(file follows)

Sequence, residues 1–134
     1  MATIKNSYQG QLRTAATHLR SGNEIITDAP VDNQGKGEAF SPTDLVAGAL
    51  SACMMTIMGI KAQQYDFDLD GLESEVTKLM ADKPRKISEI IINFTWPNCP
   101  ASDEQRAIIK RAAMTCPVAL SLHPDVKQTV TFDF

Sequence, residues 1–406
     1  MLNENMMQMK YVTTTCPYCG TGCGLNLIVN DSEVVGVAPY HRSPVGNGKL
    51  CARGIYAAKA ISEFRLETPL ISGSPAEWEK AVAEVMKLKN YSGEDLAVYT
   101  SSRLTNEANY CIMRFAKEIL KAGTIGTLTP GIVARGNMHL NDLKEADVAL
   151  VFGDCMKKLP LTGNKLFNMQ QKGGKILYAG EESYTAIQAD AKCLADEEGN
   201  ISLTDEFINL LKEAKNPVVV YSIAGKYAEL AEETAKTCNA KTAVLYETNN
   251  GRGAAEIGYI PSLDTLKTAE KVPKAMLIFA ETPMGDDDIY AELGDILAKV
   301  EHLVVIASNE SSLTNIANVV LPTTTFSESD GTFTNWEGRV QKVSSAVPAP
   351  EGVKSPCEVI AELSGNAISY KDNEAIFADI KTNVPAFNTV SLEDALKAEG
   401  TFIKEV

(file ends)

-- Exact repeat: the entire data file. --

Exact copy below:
Sequence, residues 1–134
     1  MATIKNSYQG QLRTAATHLR SGNEIITDAP VDNQGKGEAF SPTDLVAGAL
    51  SACMMTIMGI KAQQYDFDLD GLESEVTKLM ADKPRKISEI IINFTWPNCP
   101  ASDEQRAIIK RAAMTCPVAL SLHPDVKQTV TFDF

Sequence, residues 1–406
     1  MLNENMMQMK YVTTTCPYCG TGCGLNLIVN DSEVVGVAPY HRSPVGNGKL
    51  CARGIYAAKA ISEFRLETPL ISGSPAEWEK AVAEVMKLKN YSGEDLAVYT
   101  SSRLTNEANY CIMRFAKEIL KAGTIGTLTP GIVARGNMHL NDLKEADVAL
   151  VFGDCMKKLP LTGNKLFNMQ QKGGKILYAG EESYTAIQAD AKCLADEEGN
   201  ISLTDEFINL LKEAKNPVVV YSIAGKYAEL AEETAKTCNA KTAVLYETNN
   251  GRGAAEIGYI PSLDTLKTAE KVPKAMLIFA ETPMGDDDIY AELGDILAKV
   301  EHLVVIASNE SSLTNIANVV LPTTTFSESD GTFTNWEGRV QKVSSAVPAP
   351  EGVKSPCEVI AELSGNAISY KDNEAIFADI KTNVPAFNTV SLEDALKAEG
   401  TFIKEV